Use Your Words: How To Tweak Your Keyword Search

By April 18, 2016How To
business intelligence

Last year, we shared our four main tips for tracking data with keywords. And this remains one of the areas we get more inquiries for. How do you make your searches more effective? How do you adjust the search? So, we’re here to help guide you to success!

Let’s start with the basics — what exactly is a keyword? A keyword is basically a search term. It doesn’t always need to be a single word. It can be a sentence; it can be a hashtag or a mixture of letters and numbers. When you start a keyword search, you begin searching all the available platforms for every mention of the term to be analysed and visualised.

Searches can get more advanced when you use a query. So, what is a query? A query is used to search social media and real-time data sources for mentions of your topic/project. Often to get the best results and pull in the most relevant and interesting data, one keyword is not enough. In this case, you may need to use multiple keywords, keyword filters or exclusions. So, basically, the full set of keywords and filters is known as a query.

Now, if you want to get more advanced, you can use a filter. A keyword filter allows you to filter your keywords through another set of keywords. This enables you to narrow down the number of mentions you are pulling in and look at more specific data. For example, if you wanted to look for all mentions of Nike trainers, your query would be the keyword “Nike” and you would put “trainers”, “trainer” and “sneakers” in the Keyword Filters section. This way you would only pull in mentions of Nike in the context of trainer conversation. Simple, no?

One final layer is a keyword exclusion. A keyword exclusion stops keywords coming into query results. Sometimes you may find a keyword brings unwanted data associated with another keyword. So, if you put a term in the keyword exclusion, it will stop mentions of your keyword in unwanted contexts. For example, if you are looking for mentions of Nike but don’t want to see any sales related conversation, your query would be the keyword “Nike” and you would put “sale”, “sell” and “deal” in the Keyword Exclusions section. This way you would only pull in mentions of Nike which are not related to selling items.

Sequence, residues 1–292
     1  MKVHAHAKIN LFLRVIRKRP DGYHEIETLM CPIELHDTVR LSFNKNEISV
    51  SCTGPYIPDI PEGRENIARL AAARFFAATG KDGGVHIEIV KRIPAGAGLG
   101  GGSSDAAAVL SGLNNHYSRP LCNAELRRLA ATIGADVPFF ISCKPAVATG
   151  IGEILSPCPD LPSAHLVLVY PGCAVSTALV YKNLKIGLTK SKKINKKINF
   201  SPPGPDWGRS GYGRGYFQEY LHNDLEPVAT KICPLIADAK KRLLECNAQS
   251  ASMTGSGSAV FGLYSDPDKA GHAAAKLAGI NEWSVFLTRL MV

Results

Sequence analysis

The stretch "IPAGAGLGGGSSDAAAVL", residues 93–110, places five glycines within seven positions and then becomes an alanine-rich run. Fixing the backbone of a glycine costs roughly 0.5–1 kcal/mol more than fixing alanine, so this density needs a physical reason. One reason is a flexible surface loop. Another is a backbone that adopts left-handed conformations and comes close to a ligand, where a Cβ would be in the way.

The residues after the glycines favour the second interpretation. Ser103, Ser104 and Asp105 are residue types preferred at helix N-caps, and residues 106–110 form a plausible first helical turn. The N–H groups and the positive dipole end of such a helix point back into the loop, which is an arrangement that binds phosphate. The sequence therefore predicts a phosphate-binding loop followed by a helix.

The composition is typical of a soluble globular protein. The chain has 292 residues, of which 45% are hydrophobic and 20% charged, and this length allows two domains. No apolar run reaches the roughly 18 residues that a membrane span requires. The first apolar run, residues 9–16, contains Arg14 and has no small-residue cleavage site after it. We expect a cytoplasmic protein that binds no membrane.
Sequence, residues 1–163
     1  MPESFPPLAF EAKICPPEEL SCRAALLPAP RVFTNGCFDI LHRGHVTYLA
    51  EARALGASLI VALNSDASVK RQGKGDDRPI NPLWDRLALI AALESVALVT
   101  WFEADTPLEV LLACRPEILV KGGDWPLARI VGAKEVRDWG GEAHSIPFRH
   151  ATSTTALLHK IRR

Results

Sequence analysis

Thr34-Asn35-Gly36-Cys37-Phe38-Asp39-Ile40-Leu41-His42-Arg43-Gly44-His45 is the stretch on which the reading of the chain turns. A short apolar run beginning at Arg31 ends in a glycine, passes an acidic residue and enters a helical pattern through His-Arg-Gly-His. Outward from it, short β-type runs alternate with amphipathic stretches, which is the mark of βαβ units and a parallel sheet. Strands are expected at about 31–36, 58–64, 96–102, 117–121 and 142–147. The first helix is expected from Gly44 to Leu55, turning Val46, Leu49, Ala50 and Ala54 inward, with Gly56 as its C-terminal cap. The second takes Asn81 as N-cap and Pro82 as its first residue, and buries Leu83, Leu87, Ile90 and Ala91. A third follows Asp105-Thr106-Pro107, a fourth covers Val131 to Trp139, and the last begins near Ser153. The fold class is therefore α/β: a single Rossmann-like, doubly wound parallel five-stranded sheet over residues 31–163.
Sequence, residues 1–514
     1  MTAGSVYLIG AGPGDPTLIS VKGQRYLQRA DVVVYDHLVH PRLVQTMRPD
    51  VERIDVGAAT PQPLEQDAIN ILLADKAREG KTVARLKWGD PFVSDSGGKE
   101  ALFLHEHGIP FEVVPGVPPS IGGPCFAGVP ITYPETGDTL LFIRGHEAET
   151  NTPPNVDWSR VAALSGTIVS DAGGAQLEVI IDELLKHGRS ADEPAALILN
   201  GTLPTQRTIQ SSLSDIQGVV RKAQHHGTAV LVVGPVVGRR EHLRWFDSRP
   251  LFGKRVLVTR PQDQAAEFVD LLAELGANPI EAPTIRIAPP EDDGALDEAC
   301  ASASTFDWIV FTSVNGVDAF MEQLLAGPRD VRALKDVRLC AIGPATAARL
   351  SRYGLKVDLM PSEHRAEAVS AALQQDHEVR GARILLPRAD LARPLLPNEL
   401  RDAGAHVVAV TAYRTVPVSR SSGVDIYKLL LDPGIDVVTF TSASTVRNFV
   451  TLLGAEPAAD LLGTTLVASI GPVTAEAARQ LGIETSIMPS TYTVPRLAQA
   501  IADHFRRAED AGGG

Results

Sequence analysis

Now, that we have the basics down, let’s get to actually constructing your query. The best way to start is to ask yourself what are you really looking for. When constructing your query, it is generally best to have an idea of what kind of data you are looking for. Start with these questions:

  1. Are you looking for data around a brand, a product, a general topic or a specific campaign?
  2. If you are interested in a brand, do they use any specific hashtags or phrases in their social media communication?
  3. Does the name of the brand have other meanings?

Then you need to know how to choose your keywords. If you are looking for a specific brand, it is best to start with their social platforms. Here you can see how they refer to themselves on social networks and work out if they are using any specific campaign hashtags. If you put their exact account names in as keywords, you will pull in all the directed messages towards their account. You may find though that a brand’s name has multiple meanings, in which case you can always use keyword filters to narrow down your search.

Using our Nike example, you would first take a look on Twitter search; and you will see that all the mentions of Nike refer to the brand and that they have a large number of Twitter accounts outside the main @Nike Twitter account. So, as well as “Nike”, you might want to also add @NikeStore and @NikeLab to get a wider picture of the Nike conversation.

As with most things, the key to success is testing! So, we encourage you to test those keywords. The quickest and easiest way to test a keyword is to put it in the Search Twitter box on Twitter and click the Live tab. This way you can get an overview of what kind of content your keyword will pull. If you see lots of irrelevant data, you should consider changing your keyword or using keyword filters.

Now, on occasion, you’ll find that your query brings in irrelevant data. Not to fret. There are a number of ways you can deal with this. For instance, if you wanted to measure Apple, a brand whose name has multiple meanings not all related to the brand, you might find a lot of mentions of fruit. In this case, you will want to use keyword filters. As you will most likely want all mentions of Apple’s products, you can put “iPhone” and “iMac” into the keywords and the keyword filters so you get all mentions. But as you would only want mentions of Apple in the context of the brand rather than the context of fruit, you would put Apple into the keywords but put terms related to Apple such as “computer” and “Tim Cook” in the keyword filters so only mentions related to the brand are pulled in.

Sometimes a brand’s name may have other meaning in different languages. For instance, the baby milk brand SMA is a word in Indonesian. To prevent from bringing in lots of irrelevant Indonesian tweets, you can set the language filter to English and all the Indonesian posts will not be aggregated with what you’re seeking.

Then, we have what we all love — spam. Very often a brand can be the victim of sales spam, hundreds of posts from re-sellers. You may want to individually block problem users, or you can put key sales keywords such as “eBay”, “sell” or “sale” words into the keyword exclusions.

At the end of the day, setting up a query is simple if you have the tools and a little bit of knowledge. And of course, our team is happy to help at any point. Now, go forth and query!